Getting There â€“ JAL First Class
Hotel Review: Ritz-Carlton Tokyo
Guide to Tsukiji Fish Market
Room Service Review: Ritz-Carlton Tokyo
Day in Tokyo
Taking the Shinkansen â€œBulletâ€ Train
Hotel Review: Ritz-Carlton Kyoto
Tea at the Ritz-Carlton Kyoto
Day 1 in Kyoto
Day 2 in Kyoto
Room Service Review: Ritz-Carlton Kyoto
Park Hyatt Tokyo: Revisited
Getting to Hiroshima
Hotel Review: Sheraton Hiroshima
Day trip to Miyajima
Day in Hiroshima
St. Regis Osaka
Day in Osaka
After Kyoto I couldn’t resist sneaking in a night at the famed Park Hyatt Tokyo before heading to Hiroshima. I’ve stayed there many times before as I figure many readers have, but it is a favorite of mine. The outstanding staff, suite and breakfast all blend together for a fantastic stay. To me it is one of the top aspirational chain properties in the world that is absolutely worth the stay, if only for one visit or night.
A standard Park King room regularly has a rate in the $400-$500 range, and the Park Suite is around $1100. If you’ve been itching to try out this property there are a couple other ways to do so without emptying your wallet.
If you have the Hyatt credit card, redeeming those 2 free night certificates for a stay at this property is a great choice.
Since the Park Hyatt Tokyo is a top Category 7 property, you can redeem 30,000 Hyatt Gold Passport points per night. It used to be an even better deal at 22,000 points but all prices eventually rise, right?
Do you have a Chase Freedom, Ink Plus Business Card, Ink Cash Business Card or the Chase Sapphire Preferred credit card? If so, you’ve been earning Chase Ultimate Rewards points with your purchases, and you can transfer those points to Hyatt at a rate of 1:1.
You can also do the Cash & Points rate at 15,000 points and $300, but that usually is a little too high for my liking considering you can buy a room flat out for around $400-$500.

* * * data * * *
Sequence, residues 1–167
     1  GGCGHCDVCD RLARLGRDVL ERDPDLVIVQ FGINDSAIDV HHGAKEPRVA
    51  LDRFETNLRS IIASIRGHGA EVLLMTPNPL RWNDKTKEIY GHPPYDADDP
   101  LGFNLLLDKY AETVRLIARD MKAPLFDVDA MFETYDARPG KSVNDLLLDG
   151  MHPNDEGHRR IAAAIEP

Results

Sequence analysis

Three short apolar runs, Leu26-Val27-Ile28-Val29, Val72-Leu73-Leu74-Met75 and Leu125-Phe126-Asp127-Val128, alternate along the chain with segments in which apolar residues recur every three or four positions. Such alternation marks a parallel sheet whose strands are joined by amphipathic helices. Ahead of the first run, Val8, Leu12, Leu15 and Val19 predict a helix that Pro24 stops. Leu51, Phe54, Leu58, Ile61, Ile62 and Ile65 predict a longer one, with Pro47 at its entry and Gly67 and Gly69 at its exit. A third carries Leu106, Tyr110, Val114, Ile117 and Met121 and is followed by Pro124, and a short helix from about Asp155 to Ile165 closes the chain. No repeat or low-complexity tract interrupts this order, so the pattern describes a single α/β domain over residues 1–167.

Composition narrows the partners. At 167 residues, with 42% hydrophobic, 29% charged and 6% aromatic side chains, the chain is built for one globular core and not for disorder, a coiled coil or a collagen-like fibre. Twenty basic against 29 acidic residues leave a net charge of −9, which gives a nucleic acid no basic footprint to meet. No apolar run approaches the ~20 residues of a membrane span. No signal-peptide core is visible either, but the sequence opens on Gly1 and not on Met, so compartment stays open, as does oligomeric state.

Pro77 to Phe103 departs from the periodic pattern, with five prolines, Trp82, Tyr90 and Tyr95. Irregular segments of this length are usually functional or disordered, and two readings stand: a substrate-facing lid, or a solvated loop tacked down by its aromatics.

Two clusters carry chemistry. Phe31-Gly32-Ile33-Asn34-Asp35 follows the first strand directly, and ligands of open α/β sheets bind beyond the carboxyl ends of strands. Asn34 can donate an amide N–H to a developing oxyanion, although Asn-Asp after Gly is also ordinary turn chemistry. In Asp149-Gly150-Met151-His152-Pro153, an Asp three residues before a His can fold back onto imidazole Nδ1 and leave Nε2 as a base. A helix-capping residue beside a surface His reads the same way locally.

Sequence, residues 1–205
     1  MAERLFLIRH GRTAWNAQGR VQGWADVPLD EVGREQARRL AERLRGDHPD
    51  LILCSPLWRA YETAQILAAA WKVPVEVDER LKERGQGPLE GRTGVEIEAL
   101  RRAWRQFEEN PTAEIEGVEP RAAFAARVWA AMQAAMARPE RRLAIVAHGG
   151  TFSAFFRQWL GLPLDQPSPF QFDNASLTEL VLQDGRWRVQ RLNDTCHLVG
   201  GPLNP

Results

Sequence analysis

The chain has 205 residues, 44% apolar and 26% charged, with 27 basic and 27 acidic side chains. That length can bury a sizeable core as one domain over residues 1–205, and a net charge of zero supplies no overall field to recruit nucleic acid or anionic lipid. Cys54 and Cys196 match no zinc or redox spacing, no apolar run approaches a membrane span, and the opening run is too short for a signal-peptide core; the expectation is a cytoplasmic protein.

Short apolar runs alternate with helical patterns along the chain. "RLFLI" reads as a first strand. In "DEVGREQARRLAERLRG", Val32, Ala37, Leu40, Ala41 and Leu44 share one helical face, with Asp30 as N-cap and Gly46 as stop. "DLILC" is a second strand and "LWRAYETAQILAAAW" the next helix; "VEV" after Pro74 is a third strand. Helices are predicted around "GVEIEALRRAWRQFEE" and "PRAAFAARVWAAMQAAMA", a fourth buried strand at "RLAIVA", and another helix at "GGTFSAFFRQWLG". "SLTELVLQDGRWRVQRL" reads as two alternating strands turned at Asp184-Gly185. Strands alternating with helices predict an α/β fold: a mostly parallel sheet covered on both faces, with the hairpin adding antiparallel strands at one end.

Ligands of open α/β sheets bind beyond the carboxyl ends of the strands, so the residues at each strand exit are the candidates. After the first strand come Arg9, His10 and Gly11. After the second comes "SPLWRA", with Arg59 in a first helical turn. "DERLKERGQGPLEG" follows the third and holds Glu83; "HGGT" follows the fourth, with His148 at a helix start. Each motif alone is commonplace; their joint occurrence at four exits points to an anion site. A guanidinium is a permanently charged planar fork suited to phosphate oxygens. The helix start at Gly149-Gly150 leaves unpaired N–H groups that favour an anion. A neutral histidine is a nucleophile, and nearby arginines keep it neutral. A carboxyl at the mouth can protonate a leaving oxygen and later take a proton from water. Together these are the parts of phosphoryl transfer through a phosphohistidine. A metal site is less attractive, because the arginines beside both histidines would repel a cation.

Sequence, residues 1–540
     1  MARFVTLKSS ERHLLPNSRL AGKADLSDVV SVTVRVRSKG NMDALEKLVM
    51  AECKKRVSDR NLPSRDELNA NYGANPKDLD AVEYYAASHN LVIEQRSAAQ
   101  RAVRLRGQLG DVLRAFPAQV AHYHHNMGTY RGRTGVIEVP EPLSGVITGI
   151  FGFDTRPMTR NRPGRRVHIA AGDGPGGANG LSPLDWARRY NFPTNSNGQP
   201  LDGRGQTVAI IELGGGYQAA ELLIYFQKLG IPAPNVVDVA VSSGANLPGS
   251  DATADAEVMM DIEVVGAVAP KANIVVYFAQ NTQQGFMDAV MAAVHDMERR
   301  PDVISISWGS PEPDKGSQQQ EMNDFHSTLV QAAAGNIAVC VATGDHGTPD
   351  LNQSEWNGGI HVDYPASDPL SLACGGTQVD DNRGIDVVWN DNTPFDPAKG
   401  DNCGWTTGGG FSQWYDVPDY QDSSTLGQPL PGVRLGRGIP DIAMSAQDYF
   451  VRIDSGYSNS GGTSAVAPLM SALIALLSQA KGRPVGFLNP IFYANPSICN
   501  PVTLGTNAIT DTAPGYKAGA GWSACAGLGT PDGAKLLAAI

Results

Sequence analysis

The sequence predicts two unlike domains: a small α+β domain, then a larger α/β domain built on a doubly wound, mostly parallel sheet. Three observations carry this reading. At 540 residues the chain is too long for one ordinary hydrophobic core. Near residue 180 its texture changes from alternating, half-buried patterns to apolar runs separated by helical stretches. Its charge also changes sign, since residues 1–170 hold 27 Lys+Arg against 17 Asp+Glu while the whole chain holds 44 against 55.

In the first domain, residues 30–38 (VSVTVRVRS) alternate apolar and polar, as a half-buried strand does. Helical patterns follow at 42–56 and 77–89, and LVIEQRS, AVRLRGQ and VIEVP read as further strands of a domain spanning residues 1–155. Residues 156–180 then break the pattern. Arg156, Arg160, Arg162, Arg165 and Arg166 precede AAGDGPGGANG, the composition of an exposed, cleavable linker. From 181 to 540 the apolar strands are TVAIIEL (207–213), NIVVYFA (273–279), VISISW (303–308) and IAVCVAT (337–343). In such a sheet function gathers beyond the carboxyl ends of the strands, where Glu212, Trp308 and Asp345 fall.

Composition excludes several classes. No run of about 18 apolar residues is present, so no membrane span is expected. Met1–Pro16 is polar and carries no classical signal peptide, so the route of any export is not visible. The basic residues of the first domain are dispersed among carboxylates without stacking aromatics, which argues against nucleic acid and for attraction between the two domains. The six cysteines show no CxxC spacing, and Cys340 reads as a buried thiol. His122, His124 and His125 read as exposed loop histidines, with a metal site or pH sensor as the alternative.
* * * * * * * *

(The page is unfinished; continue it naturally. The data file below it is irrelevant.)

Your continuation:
If you have Diamond status in Hyatt’s Gold Passport Program you can pay for a night in a Park King room and use one of your 4 annual Diamond Suite Upgrades. Something that not everyone knows is that you can also use your Diamond Suite upgrades when on a Cash & Points rate. The room you’ll upgrade into is the Park Suite, which is wonderfully large at just over 1000 square feet.
Daily full breakfast at the hotel’s French brasserie restaurant Girandole is also a benefit of being a Hyatt Diamond which you won’t want to skip if staying at the Park Hyatt Tokyo. The spread is amazing. If you’d prefer to eat breakfast in your room you can order it via room service at no cost either.
Checking in on the 41st floor immediately put me at ease. I always get a feeling of reassurance that the staff really cares for their guests and isn’t just going through the motions.
Sometimes when I’ve arrived at a hotel and given my luggage to the bellman out front it takes a while to get to the room, and I stand around the room waiting for them to arrive so I can unpack.
That has never been the case at this hotel. It is either quickly brought up or already in the room. This time I went up to my room and the luggage had already been brought up and placed in the closet.
The Park Suite is designed in a long oval shape, decorated in earthy muted blue-greens and browns with natural and dark woods. It feels inviting and calm and the feeling is accentuated by Hokkaido water elm panelling, woven wall coverings and live plants.
I’ve reviewed this hotel before, which you can read by clicking here.
The bathroom was impeccably clean and had separate shower and deep soaking tub. The toilet was by Toto, and if you haven’t used one of those toilets before they are very entertaining. There are buttons with all kinds of spray options and the seat is heated.
Living Room –
Hand tufted carpeting and plenty of seating was in the living room, and everything was arranged so well that it was intuitive. The views were gorgeous, and there was a table for room service, couch with ottoman, even books to read and cd’s to listen to.
The bed has little bedside lighting and temperature controls and a bottle of water had thoughtfully been left on each bedside table. There is a large TV and a desk, and the doors can be closed to both the bathroom and living room when it is time to sleep. The bed itself is a bit on the firm side which I found great but if you love a super soft bed it might be something to take note of. I noted that I’ve never heard any noise from nearby rooms at this hotel. It’s a silent cocoon that offers a restful sleep.
When it was time to check out the next morning, I was disappointed to be leaving after such a quick stay but I knew I’d be back! Next up: Getting to Hiroshima
Have you stayed at the Park Hyatt Tokyo or are you planning to?